Sauschuck said dispatchers were “connecting the dots” after the threats – based on the voice of the caller or callers, the phone numbers and the nature of the threats – while crosschecking the information with law enforcement on the scene.

Gagne said the schools received similar calls and multiple agencies were investigating their origin. In Sanford alone, law enforcement dispatched three airlift units and at least a dozen ambulances.

“The price tag on these is substantial,” Gagne said.

The FBI said in a statement it was working with state and local authorities “to gather, share, and act upon threat information” though it had “no information to indicate a specific and credible threat.”

In Connecticut, a seemingly ordinary Thursday morning at Manchester High School was disrupted shortly before 9 o’clock by an anonymous email.

“I have a gun and ready to hurt people, plus explosives,” read the email, according to an October 27 Facebook post from Manchester schools Superintendent Matt Geary.

School administrators, district officials and Manchester police held back on locking down given that about 20 Connecticut schools had received swatting calls the previous Friday, according to Geary.

At 9:42 a.m., another email repeated the threat and added, “I’ll be entering the school at 11:16 AM.” The school was immediately placed in a lockdown and additional officers were called, Geary wrote.

“No one was allowed in or out of the building and students remained in their secured and supervised rooms,” according to the superintendent.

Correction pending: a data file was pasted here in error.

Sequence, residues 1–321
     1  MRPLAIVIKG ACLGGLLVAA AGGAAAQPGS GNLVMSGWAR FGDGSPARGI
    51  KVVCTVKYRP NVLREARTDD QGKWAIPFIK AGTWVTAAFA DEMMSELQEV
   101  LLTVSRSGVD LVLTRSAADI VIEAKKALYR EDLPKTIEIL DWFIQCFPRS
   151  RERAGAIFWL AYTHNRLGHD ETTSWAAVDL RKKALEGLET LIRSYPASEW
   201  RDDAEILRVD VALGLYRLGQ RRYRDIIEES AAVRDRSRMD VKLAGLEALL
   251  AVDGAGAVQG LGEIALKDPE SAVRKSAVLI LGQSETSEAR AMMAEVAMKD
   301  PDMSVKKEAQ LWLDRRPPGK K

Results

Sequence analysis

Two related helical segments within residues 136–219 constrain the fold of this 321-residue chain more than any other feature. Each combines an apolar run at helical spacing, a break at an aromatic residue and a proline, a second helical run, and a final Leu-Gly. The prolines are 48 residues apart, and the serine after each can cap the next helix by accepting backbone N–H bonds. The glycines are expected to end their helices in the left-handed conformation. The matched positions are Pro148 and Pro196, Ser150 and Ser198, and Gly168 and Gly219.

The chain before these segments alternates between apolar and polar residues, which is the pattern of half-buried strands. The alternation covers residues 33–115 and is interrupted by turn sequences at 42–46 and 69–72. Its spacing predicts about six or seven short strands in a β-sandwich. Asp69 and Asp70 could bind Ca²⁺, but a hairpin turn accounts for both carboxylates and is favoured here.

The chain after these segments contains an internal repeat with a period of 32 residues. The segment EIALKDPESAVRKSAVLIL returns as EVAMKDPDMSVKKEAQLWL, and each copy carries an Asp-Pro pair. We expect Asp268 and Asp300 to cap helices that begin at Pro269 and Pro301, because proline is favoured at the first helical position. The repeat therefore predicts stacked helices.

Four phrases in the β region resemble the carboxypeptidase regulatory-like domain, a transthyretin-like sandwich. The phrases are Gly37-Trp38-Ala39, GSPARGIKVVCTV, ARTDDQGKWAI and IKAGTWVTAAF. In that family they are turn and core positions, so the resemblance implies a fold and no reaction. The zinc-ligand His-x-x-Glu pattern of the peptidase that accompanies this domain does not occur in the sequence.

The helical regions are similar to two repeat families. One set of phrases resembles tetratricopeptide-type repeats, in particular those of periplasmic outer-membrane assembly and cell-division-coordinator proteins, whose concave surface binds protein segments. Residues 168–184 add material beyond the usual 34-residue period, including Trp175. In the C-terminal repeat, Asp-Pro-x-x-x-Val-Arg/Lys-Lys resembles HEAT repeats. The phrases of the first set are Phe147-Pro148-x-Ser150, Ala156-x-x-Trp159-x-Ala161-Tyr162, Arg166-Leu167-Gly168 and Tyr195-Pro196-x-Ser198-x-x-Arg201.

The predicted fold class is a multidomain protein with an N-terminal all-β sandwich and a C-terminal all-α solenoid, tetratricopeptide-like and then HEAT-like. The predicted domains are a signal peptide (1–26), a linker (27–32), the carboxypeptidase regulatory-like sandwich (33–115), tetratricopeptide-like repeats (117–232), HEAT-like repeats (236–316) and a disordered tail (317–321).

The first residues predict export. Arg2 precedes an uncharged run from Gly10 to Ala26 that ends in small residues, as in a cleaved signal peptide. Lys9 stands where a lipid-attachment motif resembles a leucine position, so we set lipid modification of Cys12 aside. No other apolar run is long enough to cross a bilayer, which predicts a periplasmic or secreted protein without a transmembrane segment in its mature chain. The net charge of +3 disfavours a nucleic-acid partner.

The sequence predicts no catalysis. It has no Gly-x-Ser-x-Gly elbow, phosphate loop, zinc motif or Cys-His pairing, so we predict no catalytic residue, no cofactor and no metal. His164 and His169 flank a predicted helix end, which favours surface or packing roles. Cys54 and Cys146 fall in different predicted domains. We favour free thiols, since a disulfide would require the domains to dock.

At 10 a.m., the school sent the first emails alerting parents and guardians of the lockdown.

“We quickly determined we would not be able to clear the MHS campus in a safe and orderly fashion by 11:16 a.m.,” Geary wrote.

The lockdown lasted about two hours.

“We lost hours of instruction. And that has value,” Jim Farrell, a Manchester Public Schools spokesman, told CNN this week.

“There’s certainly some trauma. You have various kids who experienced trauma. You have some who are fragile. For kids to have to stay in a room for close to two hours. There’s a price there. And then, sort of more macro, there’s this whole desensitization … of threats. Okay, what happens the next time?”

Geary praised “the calm and mature manner in which students acted.” He thanked administrators, security staff, police and others who were there that day “for their rapid and thoughtful response to a difficult situation.”

The previous Friday, October 21, also in Connecticut, Stamford High School was notified at 8:55 a.m. of an active shooter threat, according to Lauren Meyer, special assistant to Stamford’s mayor. The school was put on lockdown. As police investigated the threat, other district schools went on lockdown.

Police quickly determined the initial report to be a hoax and, at 9:11 a.m., lockdowns in other district schools were lifted, Meyer said in a statement. The lockdown at Stamford High was lifted at 9:30 because of the number of first responders on the scene and the size of the campus.

Meyer said investigators believe the same person made similar false reports to schools in Westport and Bridgeport to the northeast.

In Westport, about 12 miles away from Stamford, police dispatchers received a report of an active shooter at Staples High School at about 9:10 a.m., according to Westport PD. First responders soon determined there was no shooter and the report was likely a “swatting call.”

Still, police said, the school went on lockdown. Officers proceeded as if the threat was real. Every room in the school was checked. Classes resumed and officers were assigned to all Westport schools for the rest of the day.